A super-sensitive mini-sensor developed at the National Institute of Standards and Technology (NIST) can detect nuclear magnetic resonance in tiny samples of fluids flowing through a novel microchip. The prototype chip device, developed in a collaboration between NIST and the University of California, may have wide application as a sensitive chemical analyzer, for example in rapid screening to find new drugs.
The government is planning to appropriate NT$23 billion (US$726 million) to fund the second stage of the 'Taiwan National Science and Technology Program for Nanoscience and Nanotechnology' slated for 2009-2014, officials at the cabinet-level National Science Council said Tuesday.
Computerworld has an article that looks at eight technologies that 'straddle the divide between harebrained and brilliant - each with a promise to transform the future of the enterprise.' One of them being nanotechnology.
The 2008 Institute of Environmental Sciences and Technology (IEST) Fellow Award will be presented to John Weaver for his 'numerous publications and significant technical contributions to the advancement of cleanroom design and construction, particularly in the emerging field of nanotechnology.'
Chemists at the National Institute of Standards and Technology have been the first to measure significant amounts of copper incorporated into zinc oxide nanowires during fabrication. The issue is important because copper plays a significant—but not well-understood—role in important optical and electrical properties of the nanowires. Previous experiments found only trace amounts of copper.
A simple surface treatment technique demonstrated by a collaboration between researchers at the National Institute of Standards and Technology, Penn State and the University of Kentucky potentially offers a low-cost way to mass produce large arrays of organic electronic transistors on polymer sheets for a wide range of applications including flexible displays, 'intelligent paper' and flexible sheets of biosensor arrays for field diagnostics.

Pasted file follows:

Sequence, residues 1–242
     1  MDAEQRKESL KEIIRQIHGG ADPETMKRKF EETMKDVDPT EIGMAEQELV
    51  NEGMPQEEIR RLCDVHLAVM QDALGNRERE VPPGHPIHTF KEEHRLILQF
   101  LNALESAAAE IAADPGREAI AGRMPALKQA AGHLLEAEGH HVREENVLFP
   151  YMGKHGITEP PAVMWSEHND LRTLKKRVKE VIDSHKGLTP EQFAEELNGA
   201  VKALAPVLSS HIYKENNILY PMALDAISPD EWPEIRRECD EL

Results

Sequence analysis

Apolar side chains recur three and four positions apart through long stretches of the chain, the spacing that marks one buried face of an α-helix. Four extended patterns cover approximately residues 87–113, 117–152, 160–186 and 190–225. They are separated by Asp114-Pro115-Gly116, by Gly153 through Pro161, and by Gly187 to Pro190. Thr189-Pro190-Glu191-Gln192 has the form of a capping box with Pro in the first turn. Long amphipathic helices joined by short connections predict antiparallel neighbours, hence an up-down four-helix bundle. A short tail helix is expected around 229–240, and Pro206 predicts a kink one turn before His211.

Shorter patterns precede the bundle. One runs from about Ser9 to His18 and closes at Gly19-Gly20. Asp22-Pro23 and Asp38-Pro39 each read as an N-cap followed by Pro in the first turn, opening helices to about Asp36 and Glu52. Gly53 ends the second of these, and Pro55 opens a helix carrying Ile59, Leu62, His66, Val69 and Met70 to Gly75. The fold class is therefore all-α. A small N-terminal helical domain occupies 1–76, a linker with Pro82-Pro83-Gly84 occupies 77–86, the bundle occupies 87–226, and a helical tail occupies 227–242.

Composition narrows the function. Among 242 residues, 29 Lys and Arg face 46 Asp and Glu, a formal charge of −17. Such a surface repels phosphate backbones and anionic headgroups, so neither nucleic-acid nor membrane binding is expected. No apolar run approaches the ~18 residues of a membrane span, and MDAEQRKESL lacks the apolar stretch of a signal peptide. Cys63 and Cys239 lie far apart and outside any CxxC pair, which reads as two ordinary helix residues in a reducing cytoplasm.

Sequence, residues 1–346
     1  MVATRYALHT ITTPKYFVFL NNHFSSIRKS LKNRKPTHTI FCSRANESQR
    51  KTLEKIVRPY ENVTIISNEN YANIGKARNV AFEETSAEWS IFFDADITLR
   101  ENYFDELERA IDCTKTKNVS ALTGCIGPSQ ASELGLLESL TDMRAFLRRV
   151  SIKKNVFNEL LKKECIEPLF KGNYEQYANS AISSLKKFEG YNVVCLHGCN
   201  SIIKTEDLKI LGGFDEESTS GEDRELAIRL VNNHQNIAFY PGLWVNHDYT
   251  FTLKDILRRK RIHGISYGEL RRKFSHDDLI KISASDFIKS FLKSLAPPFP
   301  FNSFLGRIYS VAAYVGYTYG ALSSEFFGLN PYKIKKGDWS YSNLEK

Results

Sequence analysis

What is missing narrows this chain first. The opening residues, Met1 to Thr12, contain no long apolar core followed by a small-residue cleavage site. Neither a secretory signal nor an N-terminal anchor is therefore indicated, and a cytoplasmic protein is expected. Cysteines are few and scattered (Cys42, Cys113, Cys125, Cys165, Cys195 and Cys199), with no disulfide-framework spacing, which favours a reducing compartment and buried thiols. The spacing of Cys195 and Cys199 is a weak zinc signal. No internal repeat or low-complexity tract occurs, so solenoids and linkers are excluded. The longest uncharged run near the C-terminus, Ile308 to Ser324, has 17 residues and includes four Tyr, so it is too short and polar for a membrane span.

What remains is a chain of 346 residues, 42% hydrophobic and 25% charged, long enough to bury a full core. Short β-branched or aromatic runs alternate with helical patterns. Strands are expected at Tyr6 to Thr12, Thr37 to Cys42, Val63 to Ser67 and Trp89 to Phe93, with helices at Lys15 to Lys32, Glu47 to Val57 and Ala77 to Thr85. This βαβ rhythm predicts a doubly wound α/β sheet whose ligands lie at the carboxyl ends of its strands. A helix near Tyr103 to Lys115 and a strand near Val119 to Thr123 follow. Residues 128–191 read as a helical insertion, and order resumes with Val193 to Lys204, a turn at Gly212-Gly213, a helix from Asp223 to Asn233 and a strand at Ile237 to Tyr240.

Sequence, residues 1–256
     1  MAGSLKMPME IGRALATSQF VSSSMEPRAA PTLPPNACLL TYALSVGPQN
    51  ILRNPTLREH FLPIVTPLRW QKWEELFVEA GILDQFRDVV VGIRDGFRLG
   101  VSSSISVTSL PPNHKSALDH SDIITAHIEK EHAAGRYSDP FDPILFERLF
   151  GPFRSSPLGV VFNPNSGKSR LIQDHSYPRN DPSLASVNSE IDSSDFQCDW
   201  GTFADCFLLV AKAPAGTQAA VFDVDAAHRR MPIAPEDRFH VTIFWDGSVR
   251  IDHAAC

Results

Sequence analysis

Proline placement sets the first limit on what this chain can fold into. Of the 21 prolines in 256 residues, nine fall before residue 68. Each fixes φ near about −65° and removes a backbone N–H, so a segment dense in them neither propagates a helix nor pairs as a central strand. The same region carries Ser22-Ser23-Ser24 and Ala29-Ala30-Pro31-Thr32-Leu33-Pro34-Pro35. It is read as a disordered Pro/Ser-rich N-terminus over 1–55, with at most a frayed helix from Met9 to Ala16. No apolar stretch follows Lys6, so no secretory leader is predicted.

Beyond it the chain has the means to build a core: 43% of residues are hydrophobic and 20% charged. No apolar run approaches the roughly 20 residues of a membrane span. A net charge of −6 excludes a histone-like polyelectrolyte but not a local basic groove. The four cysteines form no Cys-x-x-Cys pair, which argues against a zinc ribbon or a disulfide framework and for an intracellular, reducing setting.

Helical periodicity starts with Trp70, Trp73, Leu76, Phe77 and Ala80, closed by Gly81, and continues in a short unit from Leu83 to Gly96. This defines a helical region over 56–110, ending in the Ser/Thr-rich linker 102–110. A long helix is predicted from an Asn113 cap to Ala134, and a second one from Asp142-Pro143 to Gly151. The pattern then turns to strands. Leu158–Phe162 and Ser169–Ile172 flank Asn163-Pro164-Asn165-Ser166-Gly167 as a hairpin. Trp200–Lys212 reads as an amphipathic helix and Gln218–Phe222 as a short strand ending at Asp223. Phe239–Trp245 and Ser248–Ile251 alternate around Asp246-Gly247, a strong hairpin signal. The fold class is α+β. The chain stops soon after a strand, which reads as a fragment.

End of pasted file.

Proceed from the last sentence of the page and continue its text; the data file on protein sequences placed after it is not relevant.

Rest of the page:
he Bourne Report, a weekly talk radio show that focuses on nanotechnology and MEMS (micro-electro-mechanical systems), officially kicked off its Listener's Challenge this week. Listeners are being asked to pick a random item from everyday life and challenge host Marlene Bourne to find the MEMS or nanotech connection.
X-rays have been used for decades to take pictures of broken bones, but scientists at the U.S. Department of Energy's Argonne National Laboratory and their collaborators have developed a lensless X-ray technique that can take images of ultra-small structures buried in nanoparticles and nanomaterials, and features within whole biological cells such as cellular nuclei.
Tomorrow (Wednesday, February 20) at 1 p.m. EDT, James Gulliford, assistant administrator for Prevention, Pesticides and Toxic Substances will host the online interactive forum Ask EPA and discuss the EPA's new Nancoscale Materials Stewardship Program.
University of Oregon students crossing a grassy oval in the Lorry I. Lokey Science Complex this spring will be surprised to learn that, under their feet, researchers are operating millions of dollars worth of delicate high-tech equipment to find answers that could help propel Oregon to the forefront of the fast-growing nanotechnology industry.
Two new technologies launched onboard a U.S. Naval Academy satellite called MidSTAR-1 have proven successful in their tests in space. One technology is a sensor that can check for harmful chemicals and the other is a special 'film' that can control heat.